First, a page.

Are You Alienated: part nine
Are You Alienated
Her phone was under the wax wrapper of the nacho burrito Cammie had bought herself for lunch. Warmth and grease had transferred through to the screen. She wiped this on her tee shirt. “Delete all calls?” the phone asked. Cammie hit cancel and thought about Minta Castelberry.
What had John said to her? That was all she really wanted to know.
She pictured herself, feeling like she was breaking some rule, even though her nighttime hours were free, and she was allowed to go out. Scared of Russia, Cammie hadn’t done it, the first time.
The tour company was not affiliated with the university, but they did business “through the university” as Dr. Slater explained it. Semi-retired professors, employed as guides and lecturers, lent gravitas to the company’s excursions, and the tours were marketed to faculty and alumni. That was why everyone else Cammie met was old, and she’d made no friends.
“Do you go to clubs?”
He’d approached her at a moment when, as she stood in the Baltic’s lobby, she’d felt she might walk through the entryway and continue walking all night, along the St. Petersburg streets. She would aimlessly invite danger, or adventure, or nothing. In which case, she would crawl back to the hotel in the early hours, and let work dispel her loneliness.
So at this she’d been bold, where normally in answer to such a question, she’d have shrugged and said, “I don’t know.”
She looked John Emmett in the face. And thought, he’s not so bad. “Are you asking me?”
He’d taken her to the Fifty-Five, if she had the name right. His friend was there, Ilya, and the three of them found a little curved booth in a corner. Ilya had large eyes and curly dark hair, and when he spoke, he bowed his head, looking up in an appealing way, wanting to befriend everyone, even Cammie.
“Because,” he told her, “it’s high time.” He and John put their heads together and laughed quietly.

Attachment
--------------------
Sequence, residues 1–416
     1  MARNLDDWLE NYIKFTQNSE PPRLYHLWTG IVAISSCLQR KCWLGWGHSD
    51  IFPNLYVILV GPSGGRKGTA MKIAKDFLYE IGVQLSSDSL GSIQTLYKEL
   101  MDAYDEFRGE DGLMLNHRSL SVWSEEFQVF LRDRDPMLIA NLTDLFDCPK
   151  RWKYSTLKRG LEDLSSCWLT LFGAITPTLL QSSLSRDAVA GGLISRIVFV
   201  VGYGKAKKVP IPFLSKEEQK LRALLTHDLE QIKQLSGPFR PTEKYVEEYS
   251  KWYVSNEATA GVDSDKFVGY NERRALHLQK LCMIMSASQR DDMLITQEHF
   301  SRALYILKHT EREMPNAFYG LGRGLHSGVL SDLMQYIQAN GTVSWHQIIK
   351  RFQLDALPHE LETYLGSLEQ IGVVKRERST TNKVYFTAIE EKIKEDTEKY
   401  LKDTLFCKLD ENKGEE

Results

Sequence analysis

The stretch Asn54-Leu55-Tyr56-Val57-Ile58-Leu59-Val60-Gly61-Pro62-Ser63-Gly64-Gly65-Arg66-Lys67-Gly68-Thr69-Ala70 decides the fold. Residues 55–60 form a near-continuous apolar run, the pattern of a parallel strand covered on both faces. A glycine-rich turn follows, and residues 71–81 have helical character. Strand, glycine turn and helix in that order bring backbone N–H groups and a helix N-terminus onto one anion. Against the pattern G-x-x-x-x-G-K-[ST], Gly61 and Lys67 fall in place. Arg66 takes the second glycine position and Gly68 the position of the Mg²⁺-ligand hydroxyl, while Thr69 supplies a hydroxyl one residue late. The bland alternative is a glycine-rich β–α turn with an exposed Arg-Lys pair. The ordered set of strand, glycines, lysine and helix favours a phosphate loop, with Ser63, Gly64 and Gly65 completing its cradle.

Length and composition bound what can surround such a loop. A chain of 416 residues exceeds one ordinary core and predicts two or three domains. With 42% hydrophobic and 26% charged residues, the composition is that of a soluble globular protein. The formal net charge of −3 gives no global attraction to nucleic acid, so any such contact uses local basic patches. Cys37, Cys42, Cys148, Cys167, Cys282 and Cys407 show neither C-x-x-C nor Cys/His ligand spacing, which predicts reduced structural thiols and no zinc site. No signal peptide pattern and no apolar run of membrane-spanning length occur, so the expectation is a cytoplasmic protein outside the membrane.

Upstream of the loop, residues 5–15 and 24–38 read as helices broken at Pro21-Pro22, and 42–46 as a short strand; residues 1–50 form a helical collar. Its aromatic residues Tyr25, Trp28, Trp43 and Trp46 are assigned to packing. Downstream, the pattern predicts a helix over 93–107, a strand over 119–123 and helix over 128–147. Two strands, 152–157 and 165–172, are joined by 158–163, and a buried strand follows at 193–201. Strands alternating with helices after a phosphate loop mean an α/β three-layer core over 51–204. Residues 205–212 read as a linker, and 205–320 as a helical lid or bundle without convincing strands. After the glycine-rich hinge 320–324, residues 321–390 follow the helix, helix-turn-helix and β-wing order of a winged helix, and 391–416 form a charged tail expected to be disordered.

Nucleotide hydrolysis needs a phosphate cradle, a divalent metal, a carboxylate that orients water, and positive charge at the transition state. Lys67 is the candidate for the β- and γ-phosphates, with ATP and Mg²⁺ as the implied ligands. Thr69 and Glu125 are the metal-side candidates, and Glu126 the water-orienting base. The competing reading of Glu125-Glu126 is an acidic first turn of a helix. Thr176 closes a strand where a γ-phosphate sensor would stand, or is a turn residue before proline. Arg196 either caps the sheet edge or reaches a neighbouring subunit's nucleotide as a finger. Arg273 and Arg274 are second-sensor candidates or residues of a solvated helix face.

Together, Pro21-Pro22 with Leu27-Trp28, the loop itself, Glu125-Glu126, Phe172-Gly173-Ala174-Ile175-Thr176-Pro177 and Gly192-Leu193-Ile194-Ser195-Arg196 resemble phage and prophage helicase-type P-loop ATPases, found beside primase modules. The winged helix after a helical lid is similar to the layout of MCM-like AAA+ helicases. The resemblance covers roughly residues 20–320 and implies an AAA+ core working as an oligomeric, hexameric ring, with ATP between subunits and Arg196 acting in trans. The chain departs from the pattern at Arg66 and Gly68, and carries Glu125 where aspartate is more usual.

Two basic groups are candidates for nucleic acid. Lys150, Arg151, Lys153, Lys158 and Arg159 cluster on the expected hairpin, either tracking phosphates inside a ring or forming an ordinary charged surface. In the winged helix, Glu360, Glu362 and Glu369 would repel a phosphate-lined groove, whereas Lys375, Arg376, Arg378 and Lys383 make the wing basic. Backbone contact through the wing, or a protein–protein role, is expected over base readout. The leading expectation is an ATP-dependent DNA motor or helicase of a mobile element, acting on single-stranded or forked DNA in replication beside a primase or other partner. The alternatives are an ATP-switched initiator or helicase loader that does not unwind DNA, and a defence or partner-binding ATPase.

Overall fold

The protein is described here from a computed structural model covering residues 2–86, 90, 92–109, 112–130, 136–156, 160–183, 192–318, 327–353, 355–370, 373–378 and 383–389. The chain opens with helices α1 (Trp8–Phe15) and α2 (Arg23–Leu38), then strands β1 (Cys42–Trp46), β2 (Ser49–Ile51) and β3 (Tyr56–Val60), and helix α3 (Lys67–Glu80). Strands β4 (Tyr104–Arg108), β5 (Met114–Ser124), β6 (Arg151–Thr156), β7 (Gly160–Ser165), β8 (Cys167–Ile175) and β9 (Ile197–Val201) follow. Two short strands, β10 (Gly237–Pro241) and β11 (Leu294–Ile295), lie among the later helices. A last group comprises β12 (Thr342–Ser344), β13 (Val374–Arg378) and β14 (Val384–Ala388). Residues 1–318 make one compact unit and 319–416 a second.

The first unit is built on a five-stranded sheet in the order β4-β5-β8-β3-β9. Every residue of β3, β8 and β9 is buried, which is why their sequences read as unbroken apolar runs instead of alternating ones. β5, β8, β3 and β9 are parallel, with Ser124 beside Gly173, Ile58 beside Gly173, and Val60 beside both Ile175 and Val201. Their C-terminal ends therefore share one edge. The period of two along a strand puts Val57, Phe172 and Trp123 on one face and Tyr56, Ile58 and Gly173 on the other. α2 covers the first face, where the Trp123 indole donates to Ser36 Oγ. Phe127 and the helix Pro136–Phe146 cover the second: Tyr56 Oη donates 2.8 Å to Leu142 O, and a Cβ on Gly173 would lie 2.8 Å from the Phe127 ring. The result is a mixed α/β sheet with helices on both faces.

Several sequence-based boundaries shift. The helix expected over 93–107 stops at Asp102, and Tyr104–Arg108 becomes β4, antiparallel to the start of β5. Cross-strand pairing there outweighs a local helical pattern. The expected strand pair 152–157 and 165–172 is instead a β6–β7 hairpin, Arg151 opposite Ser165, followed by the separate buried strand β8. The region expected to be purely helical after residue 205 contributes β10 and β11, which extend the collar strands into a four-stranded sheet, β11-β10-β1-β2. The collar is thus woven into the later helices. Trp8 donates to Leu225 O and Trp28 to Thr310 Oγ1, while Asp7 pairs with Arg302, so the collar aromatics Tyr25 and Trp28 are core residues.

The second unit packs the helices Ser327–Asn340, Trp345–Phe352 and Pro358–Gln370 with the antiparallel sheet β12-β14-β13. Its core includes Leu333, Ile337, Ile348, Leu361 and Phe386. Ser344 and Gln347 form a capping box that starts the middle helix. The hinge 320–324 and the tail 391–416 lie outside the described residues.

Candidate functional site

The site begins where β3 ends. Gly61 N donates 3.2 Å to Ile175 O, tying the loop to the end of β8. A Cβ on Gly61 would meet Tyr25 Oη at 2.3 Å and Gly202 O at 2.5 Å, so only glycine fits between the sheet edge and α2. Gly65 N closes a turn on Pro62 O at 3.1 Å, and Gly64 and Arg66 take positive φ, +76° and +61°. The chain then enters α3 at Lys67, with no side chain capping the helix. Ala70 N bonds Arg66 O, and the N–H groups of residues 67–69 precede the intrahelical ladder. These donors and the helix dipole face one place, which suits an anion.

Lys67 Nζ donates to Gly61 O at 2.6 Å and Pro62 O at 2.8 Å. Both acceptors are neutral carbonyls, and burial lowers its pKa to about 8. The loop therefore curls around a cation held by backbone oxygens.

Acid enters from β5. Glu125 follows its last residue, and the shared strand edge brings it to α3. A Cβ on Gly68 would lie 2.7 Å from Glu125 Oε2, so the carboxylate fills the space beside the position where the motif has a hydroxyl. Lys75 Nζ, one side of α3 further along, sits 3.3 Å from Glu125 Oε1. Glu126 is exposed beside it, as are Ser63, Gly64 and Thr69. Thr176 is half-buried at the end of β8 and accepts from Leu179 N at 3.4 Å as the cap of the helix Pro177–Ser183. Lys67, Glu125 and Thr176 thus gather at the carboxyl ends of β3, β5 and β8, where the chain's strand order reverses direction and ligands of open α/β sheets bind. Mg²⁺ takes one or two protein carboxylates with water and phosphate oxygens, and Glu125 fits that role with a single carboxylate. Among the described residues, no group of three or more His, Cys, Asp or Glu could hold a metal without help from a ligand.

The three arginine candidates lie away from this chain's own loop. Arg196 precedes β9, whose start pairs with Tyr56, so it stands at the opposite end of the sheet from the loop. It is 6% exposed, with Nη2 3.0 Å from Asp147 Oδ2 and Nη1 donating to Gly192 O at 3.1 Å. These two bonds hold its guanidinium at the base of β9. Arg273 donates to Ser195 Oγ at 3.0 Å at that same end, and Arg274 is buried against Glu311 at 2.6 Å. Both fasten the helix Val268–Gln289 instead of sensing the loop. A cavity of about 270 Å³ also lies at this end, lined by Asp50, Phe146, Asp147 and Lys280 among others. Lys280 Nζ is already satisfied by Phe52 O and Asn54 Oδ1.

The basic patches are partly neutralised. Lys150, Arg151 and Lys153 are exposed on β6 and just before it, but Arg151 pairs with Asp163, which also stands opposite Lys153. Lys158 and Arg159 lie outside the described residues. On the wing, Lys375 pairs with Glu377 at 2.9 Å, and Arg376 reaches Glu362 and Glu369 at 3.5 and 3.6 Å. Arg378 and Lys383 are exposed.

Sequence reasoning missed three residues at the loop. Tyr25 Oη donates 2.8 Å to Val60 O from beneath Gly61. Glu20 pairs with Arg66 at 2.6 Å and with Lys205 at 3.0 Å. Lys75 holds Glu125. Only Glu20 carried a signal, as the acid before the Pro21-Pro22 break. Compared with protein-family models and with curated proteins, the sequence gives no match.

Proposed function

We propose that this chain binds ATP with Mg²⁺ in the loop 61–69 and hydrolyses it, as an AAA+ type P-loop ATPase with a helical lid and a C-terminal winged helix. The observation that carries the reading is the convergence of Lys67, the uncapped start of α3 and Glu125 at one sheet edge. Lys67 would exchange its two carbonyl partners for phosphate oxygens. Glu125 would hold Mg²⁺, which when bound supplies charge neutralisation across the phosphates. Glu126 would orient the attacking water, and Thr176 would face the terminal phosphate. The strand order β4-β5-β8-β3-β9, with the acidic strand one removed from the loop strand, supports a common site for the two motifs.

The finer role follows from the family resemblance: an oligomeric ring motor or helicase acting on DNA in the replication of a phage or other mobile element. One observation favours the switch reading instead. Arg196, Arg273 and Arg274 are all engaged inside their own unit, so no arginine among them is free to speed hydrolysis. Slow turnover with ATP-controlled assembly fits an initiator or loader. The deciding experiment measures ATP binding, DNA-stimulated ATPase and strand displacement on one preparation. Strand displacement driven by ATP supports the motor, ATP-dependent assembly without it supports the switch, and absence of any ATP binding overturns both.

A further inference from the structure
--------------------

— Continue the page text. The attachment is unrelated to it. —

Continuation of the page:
She was a little over the top…she’d gone by then, with the boys, one round too many. But when she said, “I don’t get it,” Cammie had felt confused, not drunk.
“The address proved a fortuitous coincidence,” Emmett said. He said these words with a perfect clarity. He downed the rest of his vodka and lime, and said no more for several minutes, until Ilya, finally absorbing Emmett’s remark, taking it as a great joke, dissolved again into laughter, drawing Cammie into her own fit of giggles.
“Technically speaking,” Emmett said at last, “five-fifty-five is high time, because there is no six-sixty-six. However, you may like to say that twenty-three twenty-three is high time. You will notice that it reduces to fifty-five, which is, of course, one and zero…thus, a fortuitous coincidence.”
And when Cammie had trailed Brenda and Dr. Slater, juggling his coat, losing her grip on his patronizing flowers―some instinct or awareness had warned her to glance up. He’d been there, John, looking at her without looking at her, as though he would not acknowledge knowing her. Because he’d taken up with Minta Castelberry.
“I think,” Minta said, “something you told Quentin gave him the wrong idea.”
“I don’t remember what I said.”
“Well.” She was trying to handle this with tact. “If you make Quentin a serious offer, he may take you up on it.”
Cammie giggled weakly. The impulse Minta suspected her of acting on was human enough…but stalking the home of a rival was not the behavior of a well-socialized adult. And most of what Minta had learned of Cammie tended to confirm it. The girl was a poor starter. She had not yet left home or school.
Cammie’s job, though, had not been Dr. Slater’s offer. That would be impossible—Cammie belonged to the university, Minta didn’t. Dr. Slater and his friend Torbay had an interest, about which Cammie likely had no clue, in monitoring Minta’s activities.
“Cammie, why did you stop by to see me?” She heard, over the phone, inarticulate noises of interior debate. “Listen, is there a place you’d like to meet me for lunch?”
(copyright 2015 Stephanie Foster)